Dig Pink! Game | St. Andrew’s Episcopal School | 9.28.2018

I had the opportunity to share our family’s story with metastatic breast cancer at the 3rd annual Dig Pink! game organized by our girls’ Varsity Volleyball players at St. Andrew’s Episcopal School in Austin, Texas (turn up audio!) The Side-Out Foundation directly funds “game-changing” breast cancer research and support. They raise millions that fund their own cutting-edge clinical trials at renowned medical institutions. This unique approach is successfully extending the lives of people with stage 4 breast cancer. A portion of the money raised through Side-Out also goes to high-quality support services for cancer patients and their families.  Dig Pink! Game | SAS | 9.28.2018 from The Love of My Life on...
The Love of My Life | The Robe

The Love of My Life | The Robe

It was Thursday, October 16, 2014. We had picked up Maureen at her office on Tuesday afternoon, a slightly shorter day. Her breathing had continued to become more challenged. Only 3 months earlier, on July 14, 2014, we had rushed to the emergency room at Seton Hospital. The upper left side of Maureen’s abdomen was tender. It hurt to breath. Having been to MD Anderson Cancer Center a few months earlier, we knew that Maureen’s breast cancer had metastasized into the lining of her lungs. We discovered on July 14, our 24th wedding anniversary, after an x-ray, that her left lung had taken on fluid. We had our first thoracentesis, a pleural tap to the lung lining to drain fluid. It relieved the pressure, and after some coaxing of the doctors, we were cleared to leave, so we could celebrate our anniversary. We went to our favorite dessert place, Chez Zee, and got several slices of different cakes to take home and celebrate with the kids. Yes, there was a robe in the ER at Seton Hospital, but this story is about a different robe, and this story almost 4 years in the making came full circle at the Celebration of Life luncheon at the Fairmount Hotel on Friday, a fundraiser for the Seton Breast Care Center. So, let’s go back to the beginning of the circle, Thursday, October 14. 2014. Maureen’s sister, Dominique, was in town for a visit, which was not just fun but incredibly helpful. A delivery had occurred in the afternoon from an oxygen supply company of a rather incredible machine that would create oxygen,...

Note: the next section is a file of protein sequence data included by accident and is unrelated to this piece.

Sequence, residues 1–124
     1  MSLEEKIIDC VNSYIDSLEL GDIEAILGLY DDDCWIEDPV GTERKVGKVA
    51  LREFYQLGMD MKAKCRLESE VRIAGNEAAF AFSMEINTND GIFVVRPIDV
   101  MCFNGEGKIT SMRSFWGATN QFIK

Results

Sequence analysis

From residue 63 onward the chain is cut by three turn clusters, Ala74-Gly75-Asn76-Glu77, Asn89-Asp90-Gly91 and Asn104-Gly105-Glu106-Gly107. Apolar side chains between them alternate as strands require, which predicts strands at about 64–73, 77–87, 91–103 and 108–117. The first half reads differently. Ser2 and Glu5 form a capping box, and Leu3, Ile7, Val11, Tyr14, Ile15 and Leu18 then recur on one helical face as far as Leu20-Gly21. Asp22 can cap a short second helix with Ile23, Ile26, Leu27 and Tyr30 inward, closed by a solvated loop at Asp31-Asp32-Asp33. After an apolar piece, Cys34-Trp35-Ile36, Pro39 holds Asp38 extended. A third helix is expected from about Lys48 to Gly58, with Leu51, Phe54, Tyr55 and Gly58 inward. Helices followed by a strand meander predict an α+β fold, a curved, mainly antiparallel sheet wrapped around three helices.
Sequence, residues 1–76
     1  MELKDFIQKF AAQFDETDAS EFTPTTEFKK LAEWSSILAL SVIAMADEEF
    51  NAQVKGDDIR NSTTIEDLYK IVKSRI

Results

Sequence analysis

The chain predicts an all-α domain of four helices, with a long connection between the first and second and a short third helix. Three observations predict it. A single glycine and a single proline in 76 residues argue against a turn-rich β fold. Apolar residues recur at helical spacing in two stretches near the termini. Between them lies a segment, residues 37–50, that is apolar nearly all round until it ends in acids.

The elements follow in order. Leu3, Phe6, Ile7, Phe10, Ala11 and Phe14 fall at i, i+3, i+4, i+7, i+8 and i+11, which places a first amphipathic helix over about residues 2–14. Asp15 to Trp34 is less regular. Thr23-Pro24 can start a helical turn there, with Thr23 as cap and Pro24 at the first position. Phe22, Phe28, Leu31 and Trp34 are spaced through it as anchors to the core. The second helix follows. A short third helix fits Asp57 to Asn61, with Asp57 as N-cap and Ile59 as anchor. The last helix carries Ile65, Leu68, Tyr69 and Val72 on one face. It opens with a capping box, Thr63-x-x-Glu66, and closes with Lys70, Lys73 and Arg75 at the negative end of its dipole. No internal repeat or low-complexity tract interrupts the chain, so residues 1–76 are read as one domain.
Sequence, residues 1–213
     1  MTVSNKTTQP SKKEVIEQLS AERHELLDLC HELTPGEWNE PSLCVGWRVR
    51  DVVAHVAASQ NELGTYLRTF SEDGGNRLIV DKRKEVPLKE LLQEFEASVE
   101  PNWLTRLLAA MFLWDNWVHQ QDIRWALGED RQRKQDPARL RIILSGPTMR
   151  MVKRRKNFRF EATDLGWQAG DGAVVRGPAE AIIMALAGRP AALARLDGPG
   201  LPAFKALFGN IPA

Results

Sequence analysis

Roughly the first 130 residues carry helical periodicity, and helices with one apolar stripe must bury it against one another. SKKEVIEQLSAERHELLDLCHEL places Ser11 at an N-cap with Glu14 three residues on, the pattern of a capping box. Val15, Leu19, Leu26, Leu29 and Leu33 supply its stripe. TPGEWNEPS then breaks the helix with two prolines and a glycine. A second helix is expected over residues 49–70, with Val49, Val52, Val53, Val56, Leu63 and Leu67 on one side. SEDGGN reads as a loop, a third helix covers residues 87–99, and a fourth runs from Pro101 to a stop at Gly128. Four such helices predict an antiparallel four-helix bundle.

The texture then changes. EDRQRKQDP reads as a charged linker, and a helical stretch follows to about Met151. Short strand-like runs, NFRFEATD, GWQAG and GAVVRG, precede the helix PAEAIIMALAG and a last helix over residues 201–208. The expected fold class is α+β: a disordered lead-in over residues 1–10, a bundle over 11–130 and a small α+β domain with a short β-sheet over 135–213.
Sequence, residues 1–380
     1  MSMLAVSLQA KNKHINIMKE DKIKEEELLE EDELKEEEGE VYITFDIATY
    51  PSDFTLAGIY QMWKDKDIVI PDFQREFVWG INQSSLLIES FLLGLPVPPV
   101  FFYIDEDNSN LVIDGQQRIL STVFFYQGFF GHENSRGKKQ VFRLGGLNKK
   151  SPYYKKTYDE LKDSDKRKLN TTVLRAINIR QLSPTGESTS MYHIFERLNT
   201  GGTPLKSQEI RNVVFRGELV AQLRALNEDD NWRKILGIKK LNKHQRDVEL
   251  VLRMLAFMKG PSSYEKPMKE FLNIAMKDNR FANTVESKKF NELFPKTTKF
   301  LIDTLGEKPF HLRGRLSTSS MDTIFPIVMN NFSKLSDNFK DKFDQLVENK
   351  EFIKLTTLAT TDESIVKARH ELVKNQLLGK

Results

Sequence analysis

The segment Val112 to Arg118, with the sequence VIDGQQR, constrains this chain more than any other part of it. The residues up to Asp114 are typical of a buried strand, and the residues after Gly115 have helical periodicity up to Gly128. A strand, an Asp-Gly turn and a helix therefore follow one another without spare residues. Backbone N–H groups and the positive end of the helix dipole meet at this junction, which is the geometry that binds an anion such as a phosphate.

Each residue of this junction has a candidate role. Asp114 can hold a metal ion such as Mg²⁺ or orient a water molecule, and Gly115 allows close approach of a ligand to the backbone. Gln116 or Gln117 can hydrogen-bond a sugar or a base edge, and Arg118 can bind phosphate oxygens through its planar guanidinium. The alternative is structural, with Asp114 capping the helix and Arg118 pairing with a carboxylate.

I Will Be Strong for You Mom | #pinkkids

September 21, 2014, Maureen and I stood with our kids at the altar of St. Matthew’s Episcopal Church in Evanston, IL, outside of Chicago. It was a Sunday. We were renewing our vows from our wedding day, July 14, 1990, 24 years earlier, with the fruits of our love, our kids, by our side. Little did we know, that one month later, October 21, 2014, an entirely new chapter would start in lives. Following is an essay that Kyla wrote for one of her classes this week. It seems entirely fitting to share it on this 47th #powdereddonutday. It also seems appropriate to share a sneak peek at the logo for #pinkkids, but more on that later… ___________________________________________________ October 21, 2014. The day I lost my mother. The day my life changed forever. The day my family’s life changed forever. I was woken up that morning by my aunt, my mom’s sister, feeling part of myself missing, but at the same time, I was hopeful and excited that I would get to see my mom at lunch. The day went by a lot slower than usual days; I was continually looking at the clock, waiting for the class to be over, wanting lunch to come sooner, so I could give my mom a hug and tell her everything was going to be okay. After chapel, the Head of the Lower School at St. Andrew’s pulled me aside and asked me to come with him. Thoughts were racing through my head; my heart was racing; I was so excited to finally to go see my mom. All of those happy...